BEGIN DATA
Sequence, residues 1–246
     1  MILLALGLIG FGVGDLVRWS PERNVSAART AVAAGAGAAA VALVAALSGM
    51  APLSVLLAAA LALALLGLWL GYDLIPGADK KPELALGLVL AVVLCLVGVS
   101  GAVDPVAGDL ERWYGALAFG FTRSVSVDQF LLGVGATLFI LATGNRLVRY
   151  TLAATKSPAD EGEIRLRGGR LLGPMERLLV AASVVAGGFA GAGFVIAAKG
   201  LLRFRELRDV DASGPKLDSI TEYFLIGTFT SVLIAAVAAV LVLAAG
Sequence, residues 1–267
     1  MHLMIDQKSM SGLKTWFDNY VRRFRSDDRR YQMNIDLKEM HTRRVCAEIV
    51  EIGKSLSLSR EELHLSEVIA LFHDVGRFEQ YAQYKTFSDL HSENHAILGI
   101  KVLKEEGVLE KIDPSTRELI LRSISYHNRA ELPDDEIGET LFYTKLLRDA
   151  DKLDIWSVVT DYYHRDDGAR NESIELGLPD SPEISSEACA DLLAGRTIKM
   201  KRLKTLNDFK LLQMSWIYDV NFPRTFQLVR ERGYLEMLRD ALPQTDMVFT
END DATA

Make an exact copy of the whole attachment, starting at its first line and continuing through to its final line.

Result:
Sequence, residues 1–246
     1  MILLALGLIG FGVGDLVRWS PERNVSAART AVAAGAGAAA VALVAALSGM
    51  APLSVLLAAA LALALLGLWL GYDLIPGADK KPELALGLVL AVVLCLVGVS
   101  GAVDPVAGDL ERWYGALAFG FTRSVSVDQF LLGVGATLFI LATGNRLVRY
   151  TLAATKSPAD EGEIRLRGGR LLGPMERLLV AASVVAGGFA GAGFVIAAKG
   201  LLRFRELRDV DASGPKLDSI TEYFLIGTFT SVLIAAVAAV LVLAAG
Sequence, residues 1–267
     1  MHLMIDQKSM SGLKTWFDNY VRRFRSDDRR YQMNIDLKEM HTRRVCAEIV
    51  EIGKSLSLSR EELHLSEVIA LFHDVGRFEQ YAQYKTFSDL HSENHAILGI
   101  KVLKEEGVLE KIDPSTRELI LRSISYHNRA ELPDDEIGET LFYTKLLRDA
   151  DKLDIWSVVT DYYHRDDGAR NESIELGLPD SPEISSEACA DLLAGRTIKM
   201  KRLKTLNDFK LLQMSWIYDV NFPRTFQLVR ERGYLEMLRD ALPQTDMVFT